What a year 2016 has been. Enough has been written about the negatives (for the world in general, as well as the literary world) so instead I will focus on the positives. Please do feel free to add your own literary heroes/heroines in the comments below. And here’s to 2017!
1. Anyone Involved with the Running of an Indie Press or Literary Magazine
You know who you are! Running an indie press makes for a lot of activity. Much of it is unpaid or at best, paid at the minimum or living wage. It’s done to make sure that important, vital and thought-provoking books get published. Passion and coffee and loyal book-buying supporters and readers keep the whole strange endeavour going. I’d also like to give a special shout-out to some of the founders of indie presses that I’ve had the pleasure of working with or interacting with in the past year (oh, and I happen to think they publish some amazing books so do please check them out if you haven’t already!): Comma Press, Linen Press, Three Drops Press, Valley Press, The Emma Press, Mud Press, Unthank Books, Paper Swans Press, Fox Spirit Books, Happenstance Press, Bluemoose Books, V Press, Galley Beggar Press, Dead Ink, Inspired Quill, Bird’s Nest Books, Five Leaves, Fair Acre Press, Candlestick Press, Lonely Scribe, Stonewood Press, Arkbound, A Midsummer Night’s Press, Salt, Pinter and Martin, And Other Stories.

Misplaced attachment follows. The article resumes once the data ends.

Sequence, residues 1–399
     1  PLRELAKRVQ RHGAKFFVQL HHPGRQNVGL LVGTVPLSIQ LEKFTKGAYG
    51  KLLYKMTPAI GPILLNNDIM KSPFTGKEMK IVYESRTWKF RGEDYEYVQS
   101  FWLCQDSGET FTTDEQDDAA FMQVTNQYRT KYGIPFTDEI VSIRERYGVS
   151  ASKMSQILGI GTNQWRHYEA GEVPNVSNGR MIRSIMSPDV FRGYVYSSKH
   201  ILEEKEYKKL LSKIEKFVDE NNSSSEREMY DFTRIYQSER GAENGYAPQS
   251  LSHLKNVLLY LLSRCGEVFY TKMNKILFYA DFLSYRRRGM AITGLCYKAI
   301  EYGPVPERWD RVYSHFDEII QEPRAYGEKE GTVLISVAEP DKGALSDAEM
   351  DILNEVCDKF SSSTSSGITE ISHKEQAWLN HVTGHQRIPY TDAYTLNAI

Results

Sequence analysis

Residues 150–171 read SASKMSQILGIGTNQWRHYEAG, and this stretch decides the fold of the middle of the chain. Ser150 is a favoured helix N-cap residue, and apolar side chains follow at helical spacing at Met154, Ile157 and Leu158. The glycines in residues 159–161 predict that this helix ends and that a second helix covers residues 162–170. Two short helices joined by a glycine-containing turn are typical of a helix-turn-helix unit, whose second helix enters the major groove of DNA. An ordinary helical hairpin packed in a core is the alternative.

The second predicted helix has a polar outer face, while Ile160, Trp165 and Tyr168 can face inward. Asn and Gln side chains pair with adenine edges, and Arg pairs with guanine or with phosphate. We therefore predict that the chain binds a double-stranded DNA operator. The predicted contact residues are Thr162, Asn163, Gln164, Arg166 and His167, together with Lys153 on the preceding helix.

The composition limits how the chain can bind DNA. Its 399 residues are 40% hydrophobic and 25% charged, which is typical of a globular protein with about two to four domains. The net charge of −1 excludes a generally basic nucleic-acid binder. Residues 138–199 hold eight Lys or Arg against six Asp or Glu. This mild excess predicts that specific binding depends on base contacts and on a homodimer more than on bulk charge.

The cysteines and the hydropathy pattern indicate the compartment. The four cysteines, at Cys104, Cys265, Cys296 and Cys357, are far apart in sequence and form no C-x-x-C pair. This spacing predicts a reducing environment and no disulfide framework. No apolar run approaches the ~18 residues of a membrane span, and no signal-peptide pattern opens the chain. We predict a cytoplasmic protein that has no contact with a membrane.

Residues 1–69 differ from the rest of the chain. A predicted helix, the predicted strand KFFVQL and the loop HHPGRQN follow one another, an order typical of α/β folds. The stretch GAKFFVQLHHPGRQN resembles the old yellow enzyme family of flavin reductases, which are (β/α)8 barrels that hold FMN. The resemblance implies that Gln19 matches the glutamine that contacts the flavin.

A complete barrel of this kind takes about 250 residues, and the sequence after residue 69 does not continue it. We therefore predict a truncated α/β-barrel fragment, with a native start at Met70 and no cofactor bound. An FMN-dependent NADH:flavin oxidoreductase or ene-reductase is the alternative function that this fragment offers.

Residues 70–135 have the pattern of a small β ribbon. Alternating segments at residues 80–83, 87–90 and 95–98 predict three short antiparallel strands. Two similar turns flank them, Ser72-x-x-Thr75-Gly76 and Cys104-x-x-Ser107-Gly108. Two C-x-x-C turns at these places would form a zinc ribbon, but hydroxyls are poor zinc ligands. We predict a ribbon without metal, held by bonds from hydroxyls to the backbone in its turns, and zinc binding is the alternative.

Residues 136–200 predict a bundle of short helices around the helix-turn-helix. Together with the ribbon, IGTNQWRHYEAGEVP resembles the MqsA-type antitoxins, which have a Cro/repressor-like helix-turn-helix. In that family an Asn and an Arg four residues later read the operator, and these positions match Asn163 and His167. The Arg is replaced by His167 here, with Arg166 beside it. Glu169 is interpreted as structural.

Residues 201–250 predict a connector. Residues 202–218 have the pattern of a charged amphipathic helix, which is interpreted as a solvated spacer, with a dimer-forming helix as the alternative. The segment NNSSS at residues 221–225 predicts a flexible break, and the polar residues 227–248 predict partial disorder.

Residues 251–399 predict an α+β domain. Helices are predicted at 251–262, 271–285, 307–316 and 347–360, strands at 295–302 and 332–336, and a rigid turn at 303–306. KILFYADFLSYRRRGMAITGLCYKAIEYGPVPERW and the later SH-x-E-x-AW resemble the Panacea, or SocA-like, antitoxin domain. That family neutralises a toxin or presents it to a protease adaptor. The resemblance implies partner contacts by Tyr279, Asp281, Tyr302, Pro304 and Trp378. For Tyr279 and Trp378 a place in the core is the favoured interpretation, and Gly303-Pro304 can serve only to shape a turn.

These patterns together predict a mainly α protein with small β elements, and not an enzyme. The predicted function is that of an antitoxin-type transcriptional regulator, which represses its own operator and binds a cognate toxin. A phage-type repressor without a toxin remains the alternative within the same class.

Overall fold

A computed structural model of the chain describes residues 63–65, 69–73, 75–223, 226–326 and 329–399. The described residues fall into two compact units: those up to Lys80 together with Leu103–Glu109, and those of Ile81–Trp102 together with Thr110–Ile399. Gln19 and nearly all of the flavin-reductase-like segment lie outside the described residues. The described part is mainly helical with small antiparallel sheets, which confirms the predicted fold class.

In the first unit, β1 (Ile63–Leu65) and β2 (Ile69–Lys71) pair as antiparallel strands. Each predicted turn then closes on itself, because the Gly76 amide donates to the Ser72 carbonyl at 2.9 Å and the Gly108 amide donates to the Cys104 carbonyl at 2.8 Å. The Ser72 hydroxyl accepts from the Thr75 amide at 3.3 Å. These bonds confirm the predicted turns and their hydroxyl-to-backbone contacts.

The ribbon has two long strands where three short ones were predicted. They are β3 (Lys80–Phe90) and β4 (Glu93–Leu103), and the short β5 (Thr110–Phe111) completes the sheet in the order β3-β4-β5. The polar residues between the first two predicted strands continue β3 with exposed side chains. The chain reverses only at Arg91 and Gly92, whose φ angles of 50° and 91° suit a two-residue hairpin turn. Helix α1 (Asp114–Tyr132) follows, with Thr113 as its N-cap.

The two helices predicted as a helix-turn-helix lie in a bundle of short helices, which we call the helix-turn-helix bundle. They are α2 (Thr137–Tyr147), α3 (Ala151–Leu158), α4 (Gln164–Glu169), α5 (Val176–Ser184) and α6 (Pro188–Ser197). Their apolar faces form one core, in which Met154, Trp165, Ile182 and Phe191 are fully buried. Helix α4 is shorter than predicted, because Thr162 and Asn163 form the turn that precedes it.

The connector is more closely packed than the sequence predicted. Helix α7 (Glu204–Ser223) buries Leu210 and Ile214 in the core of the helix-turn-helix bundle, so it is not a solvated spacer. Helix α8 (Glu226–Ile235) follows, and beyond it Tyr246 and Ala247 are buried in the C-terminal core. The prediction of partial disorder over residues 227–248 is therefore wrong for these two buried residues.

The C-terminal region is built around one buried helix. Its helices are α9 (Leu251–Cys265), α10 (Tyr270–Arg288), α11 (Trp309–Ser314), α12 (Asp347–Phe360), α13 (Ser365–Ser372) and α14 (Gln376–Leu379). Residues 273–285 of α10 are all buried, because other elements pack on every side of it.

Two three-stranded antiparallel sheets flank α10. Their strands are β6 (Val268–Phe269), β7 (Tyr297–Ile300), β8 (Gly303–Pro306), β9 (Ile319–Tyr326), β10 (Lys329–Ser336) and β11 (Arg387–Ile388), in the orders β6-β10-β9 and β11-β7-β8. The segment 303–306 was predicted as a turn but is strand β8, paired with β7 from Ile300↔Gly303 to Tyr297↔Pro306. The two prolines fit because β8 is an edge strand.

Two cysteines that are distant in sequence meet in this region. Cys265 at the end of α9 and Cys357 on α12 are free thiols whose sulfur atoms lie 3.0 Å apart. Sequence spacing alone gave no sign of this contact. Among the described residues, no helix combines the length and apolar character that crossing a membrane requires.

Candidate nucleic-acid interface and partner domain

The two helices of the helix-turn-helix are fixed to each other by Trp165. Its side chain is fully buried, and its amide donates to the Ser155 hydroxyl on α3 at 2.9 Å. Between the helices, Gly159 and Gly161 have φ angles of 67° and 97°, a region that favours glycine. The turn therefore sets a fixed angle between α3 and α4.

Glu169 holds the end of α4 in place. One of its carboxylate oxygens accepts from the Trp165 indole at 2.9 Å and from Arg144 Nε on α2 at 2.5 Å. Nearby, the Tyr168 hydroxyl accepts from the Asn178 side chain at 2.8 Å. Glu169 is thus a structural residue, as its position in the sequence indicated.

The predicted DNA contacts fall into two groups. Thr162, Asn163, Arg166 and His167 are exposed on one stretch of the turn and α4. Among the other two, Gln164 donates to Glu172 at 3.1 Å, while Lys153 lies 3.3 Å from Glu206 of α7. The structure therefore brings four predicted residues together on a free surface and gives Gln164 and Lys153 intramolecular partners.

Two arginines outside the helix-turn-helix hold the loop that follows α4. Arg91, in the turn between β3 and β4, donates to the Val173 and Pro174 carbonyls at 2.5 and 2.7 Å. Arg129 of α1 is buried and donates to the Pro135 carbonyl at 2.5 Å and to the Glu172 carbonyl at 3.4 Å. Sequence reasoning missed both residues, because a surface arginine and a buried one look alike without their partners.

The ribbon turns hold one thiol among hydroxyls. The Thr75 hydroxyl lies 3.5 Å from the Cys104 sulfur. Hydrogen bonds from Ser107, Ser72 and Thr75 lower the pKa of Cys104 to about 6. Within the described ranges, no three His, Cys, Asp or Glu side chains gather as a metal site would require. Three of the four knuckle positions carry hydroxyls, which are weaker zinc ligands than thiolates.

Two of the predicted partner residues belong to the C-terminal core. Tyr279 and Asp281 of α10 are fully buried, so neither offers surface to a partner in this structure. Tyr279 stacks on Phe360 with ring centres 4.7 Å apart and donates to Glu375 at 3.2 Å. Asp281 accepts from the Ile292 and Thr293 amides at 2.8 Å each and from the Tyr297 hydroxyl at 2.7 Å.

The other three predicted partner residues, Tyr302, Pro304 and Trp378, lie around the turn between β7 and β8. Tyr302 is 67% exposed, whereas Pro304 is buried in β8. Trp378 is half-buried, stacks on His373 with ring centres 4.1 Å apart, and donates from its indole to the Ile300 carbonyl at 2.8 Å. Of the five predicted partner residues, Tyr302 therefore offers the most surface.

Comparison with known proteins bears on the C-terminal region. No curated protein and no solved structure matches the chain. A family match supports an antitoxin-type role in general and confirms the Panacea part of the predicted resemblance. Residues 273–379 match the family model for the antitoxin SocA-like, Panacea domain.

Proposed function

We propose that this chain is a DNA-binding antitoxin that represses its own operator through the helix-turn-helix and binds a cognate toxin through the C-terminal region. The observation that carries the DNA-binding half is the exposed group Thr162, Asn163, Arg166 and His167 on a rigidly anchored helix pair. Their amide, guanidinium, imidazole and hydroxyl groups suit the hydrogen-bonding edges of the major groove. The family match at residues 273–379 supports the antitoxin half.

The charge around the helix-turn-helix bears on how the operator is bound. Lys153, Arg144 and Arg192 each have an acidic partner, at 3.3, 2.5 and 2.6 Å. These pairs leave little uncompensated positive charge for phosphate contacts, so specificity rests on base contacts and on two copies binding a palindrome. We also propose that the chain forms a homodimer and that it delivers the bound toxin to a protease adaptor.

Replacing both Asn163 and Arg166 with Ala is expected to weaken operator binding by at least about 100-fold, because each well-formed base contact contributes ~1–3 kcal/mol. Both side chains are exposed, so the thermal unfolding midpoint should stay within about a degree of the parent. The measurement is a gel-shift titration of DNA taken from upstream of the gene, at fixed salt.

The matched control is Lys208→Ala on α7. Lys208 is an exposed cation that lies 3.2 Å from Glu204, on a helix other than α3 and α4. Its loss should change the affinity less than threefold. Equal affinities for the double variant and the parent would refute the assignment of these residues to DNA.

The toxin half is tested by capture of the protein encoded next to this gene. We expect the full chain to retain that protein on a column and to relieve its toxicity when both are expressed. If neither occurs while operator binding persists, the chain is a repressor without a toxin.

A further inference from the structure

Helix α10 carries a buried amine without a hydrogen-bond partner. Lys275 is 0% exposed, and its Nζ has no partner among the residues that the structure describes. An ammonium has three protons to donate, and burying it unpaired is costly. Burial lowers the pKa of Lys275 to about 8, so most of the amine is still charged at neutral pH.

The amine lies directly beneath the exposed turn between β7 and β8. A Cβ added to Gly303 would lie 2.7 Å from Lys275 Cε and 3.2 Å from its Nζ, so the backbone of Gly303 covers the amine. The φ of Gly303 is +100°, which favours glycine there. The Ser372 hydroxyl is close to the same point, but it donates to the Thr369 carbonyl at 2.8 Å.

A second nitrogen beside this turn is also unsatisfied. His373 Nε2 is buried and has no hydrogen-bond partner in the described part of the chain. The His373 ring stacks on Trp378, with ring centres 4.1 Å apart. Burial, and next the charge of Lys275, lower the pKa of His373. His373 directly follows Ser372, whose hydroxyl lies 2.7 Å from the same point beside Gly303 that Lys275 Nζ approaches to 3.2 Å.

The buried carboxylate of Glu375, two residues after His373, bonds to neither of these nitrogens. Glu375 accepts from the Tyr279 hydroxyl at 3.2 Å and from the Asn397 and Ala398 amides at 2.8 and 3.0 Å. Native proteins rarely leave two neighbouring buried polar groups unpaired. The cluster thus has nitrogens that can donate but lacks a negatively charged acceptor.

I also want to mention The Contemporary Small Press who are doing so much to make the public aware of what small, independent presses have to offer readers and authors.
And if you’d like to meet some indie publishers and learn more about what they do please do visit this link which details the next ‘The Only Way is Indie’ event at Nottingham Writers’ Studio which I’m running in 2017. It’s going to be fabulous!
2. Nikesh Shukla
I had the pleasure of meeting Nikesh in Nottingham at the launch of The Good Immigrant last November. He struck me as being an intelligent, witty and gentle man, full of passionate energy for making the literary world more inclusive and diverse. Tired of constantly being asked to discuss the ‘diversity issue’ by those who have the power (yet not the inclination) to do something about diversity in publishing, Nikesh actually did something. And he’s continuing to do something. Inspiring. @nikeshshukla